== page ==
Herbs are the leafy parts on the plant that don’t have a woody stem. Herbs are one, if not the best way to season your food without using much salt. Whether it’s fresh herbs or dried, adding herbs is an easy way to increase aroma and flavor to any dish. Here’s a tip on using herbs before I share a list with you guys. When choosing between fresh and dried herbs, dried herbs are slightly cheaper and have a stronger flavor but lose their strength much faster than fresh herbs. Fresh herbs are a little bit more expensive but have more uses than dried herbs.
- Basil- One of my favorite herbs out there. A basil leaf tastes like a combination of licorice and cloves. It has a light scent and can be used in European cooking such as French, Italian and Mediterranean cooking. There’s also thai basil that can be used for Asian cuisine like Vietnamese, thai and so much more. There’s also many different types of basils, but i’m not going through all of it (or else this would take forever).
- Bay leaf- provides a “woody” flavor to sauces, stews, vegetables and grilled meats. If you can’t get fresh ones, dried bay leaves are a good alternative. Just make sure you take the bay leaves out after you’re done cooking
- Cilantro- one of the most underrated herbs out there. Why? Because some people think it tastes like soap. But if used correctly in salsas, stir-fries and curries, it adds a whole new depth of flavor
- Dill- a light, distinctive flavor that is used in egg, vegetables and salads. It also pairs very well with fish and some meat dishes. Dill is a much stronger herb so be careful of how much you put.
- Parsley- probably one of, if not most popular herbs out there. Parsley is a light, semi-peppery herb used to season so many types of dishes. It’s a well-rounded herb that you can’t really go wrong. Look for flat leaf or Italian parsley because it provides more flavor than curly parsley. More bang for your buck. But try to stay away from dried parsley whenever possible because it doesn’t provide the same strength as fresh would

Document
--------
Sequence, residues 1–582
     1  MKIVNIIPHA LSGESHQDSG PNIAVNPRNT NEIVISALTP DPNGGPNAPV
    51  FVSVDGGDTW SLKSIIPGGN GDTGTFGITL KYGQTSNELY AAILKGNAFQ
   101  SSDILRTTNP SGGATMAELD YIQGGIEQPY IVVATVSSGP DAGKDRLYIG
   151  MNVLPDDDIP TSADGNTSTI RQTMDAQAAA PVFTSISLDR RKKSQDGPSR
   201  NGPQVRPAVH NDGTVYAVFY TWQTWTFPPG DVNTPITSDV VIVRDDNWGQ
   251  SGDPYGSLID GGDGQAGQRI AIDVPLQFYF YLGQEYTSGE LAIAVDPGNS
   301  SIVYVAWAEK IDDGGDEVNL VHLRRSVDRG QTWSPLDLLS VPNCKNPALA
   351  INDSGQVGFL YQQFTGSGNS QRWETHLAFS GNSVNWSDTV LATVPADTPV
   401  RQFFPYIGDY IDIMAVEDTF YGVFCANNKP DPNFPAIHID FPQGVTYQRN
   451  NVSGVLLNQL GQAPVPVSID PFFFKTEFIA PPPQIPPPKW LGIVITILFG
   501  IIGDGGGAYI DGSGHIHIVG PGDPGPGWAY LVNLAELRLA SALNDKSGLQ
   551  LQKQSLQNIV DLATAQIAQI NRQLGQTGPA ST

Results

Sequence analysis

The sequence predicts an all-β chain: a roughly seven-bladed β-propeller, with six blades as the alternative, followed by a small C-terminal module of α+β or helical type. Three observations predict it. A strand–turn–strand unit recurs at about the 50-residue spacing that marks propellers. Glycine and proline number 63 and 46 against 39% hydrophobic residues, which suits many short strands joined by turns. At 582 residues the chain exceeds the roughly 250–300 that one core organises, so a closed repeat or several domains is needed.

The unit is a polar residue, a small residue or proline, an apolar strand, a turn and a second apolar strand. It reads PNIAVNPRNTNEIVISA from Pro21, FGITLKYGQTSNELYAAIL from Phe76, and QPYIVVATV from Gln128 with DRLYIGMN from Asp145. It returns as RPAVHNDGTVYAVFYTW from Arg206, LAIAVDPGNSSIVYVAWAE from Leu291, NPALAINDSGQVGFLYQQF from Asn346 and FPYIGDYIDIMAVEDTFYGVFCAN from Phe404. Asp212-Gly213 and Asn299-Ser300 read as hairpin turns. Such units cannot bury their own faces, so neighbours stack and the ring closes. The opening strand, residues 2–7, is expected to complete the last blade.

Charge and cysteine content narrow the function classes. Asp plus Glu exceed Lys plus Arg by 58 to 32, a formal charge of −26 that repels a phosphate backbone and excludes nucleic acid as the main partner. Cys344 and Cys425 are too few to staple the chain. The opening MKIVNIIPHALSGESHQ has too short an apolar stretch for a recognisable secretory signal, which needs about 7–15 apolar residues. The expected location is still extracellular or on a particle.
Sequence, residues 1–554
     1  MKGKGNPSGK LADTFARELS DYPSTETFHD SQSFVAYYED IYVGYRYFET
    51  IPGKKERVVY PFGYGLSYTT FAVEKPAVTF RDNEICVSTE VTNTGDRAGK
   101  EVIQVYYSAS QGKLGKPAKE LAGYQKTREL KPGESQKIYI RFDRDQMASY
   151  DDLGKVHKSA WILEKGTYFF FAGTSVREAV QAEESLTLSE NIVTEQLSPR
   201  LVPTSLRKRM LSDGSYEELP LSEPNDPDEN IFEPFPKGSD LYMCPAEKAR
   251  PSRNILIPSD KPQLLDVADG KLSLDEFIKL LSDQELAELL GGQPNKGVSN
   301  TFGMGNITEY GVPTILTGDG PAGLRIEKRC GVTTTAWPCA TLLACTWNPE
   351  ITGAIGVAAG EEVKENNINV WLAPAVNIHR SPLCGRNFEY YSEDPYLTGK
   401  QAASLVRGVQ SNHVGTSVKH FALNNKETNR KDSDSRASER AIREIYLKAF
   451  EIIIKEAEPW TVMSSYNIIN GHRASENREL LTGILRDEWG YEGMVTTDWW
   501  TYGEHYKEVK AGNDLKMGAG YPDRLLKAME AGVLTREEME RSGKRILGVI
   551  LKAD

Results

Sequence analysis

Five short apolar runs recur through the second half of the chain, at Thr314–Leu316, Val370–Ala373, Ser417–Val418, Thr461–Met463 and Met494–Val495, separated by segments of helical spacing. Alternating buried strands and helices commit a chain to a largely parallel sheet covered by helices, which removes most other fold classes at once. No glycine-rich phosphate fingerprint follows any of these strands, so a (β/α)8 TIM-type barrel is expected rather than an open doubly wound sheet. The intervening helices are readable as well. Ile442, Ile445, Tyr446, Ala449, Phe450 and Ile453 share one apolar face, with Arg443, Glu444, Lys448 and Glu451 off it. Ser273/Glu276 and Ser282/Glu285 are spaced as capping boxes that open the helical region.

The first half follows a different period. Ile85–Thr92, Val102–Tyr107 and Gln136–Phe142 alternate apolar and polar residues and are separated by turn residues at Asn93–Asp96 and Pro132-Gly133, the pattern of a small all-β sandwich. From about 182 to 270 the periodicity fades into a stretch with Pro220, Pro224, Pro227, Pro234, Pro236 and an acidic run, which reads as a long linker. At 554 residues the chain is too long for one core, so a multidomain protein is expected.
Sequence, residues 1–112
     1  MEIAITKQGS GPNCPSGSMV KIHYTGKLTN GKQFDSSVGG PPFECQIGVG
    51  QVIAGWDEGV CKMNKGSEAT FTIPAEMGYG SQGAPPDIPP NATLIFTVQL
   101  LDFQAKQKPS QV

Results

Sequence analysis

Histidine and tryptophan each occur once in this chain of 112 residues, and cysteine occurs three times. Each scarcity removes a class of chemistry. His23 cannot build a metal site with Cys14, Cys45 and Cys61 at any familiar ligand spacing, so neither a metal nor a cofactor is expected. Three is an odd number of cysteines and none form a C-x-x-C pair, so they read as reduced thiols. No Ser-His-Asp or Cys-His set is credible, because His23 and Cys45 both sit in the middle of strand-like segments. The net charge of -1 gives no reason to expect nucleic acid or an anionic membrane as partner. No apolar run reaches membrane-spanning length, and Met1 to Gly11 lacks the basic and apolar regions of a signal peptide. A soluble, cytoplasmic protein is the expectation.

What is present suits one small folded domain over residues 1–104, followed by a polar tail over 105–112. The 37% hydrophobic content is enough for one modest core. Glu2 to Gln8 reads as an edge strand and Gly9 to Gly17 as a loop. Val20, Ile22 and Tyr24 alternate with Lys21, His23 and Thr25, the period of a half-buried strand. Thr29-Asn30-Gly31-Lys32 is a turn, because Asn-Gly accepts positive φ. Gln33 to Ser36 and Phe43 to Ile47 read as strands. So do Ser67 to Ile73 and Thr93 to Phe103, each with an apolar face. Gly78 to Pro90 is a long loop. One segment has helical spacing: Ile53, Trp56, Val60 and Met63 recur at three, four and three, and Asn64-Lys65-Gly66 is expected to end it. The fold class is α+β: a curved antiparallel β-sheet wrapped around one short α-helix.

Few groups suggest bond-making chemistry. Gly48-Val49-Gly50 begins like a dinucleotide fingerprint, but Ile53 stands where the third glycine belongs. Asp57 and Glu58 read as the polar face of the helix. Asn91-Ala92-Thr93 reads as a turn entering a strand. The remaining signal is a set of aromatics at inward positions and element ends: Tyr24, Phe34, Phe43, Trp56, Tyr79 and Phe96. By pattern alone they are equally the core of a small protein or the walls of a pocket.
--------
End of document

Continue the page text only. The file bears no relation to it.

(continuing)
- Lemongrass-has a sour-lemon taste and fragrance. It’s usually used in teas, soups and some curries
- Oregano- one of my personal favorite herbs to cook with. Works brilliantly well in Mediterranean and Italian cuisines
- Rosemary- a strong herb that has a mixed taste of lemon and pine. Pairs well with most proteins and perfect for holiday cooking
- Thyme- just like parsley, very versatile and can be used in most dishes. Soups, stews, you name it
- Sage- when I think of sage, I always think of pork because it pairs so well with it. A slightly bitter herb with a misty mint taste and aroma. It also works well with stuffing
- Chives- a very oniony herb that can be used to finish off dishes. Slicing them thinly is they key to maximize taste
- Tarragon- this is the herb I don’t use much, but I should. It has a sweet, delicate licorice-like flavor. You’ll be surprise of how much potential this herb can be
- Mint- Who doesn’t like this herb? Just like thyme and parsley. It is a great herb that can be used for anything. It’s also one of the few herbs that is used in desserts!
Now, I know this is a lot to take in. Don’t worry. I too had that same feeling when I first got into cooking. It’s all about experimenting and testing out different kinds of herbs. It’s also a great way to try out different combinations of herbs. Herbs can open up so many different possibilities to help season your dish besides your usual salt and pepper. Knowing your herbs can take your cooking to a whole new level!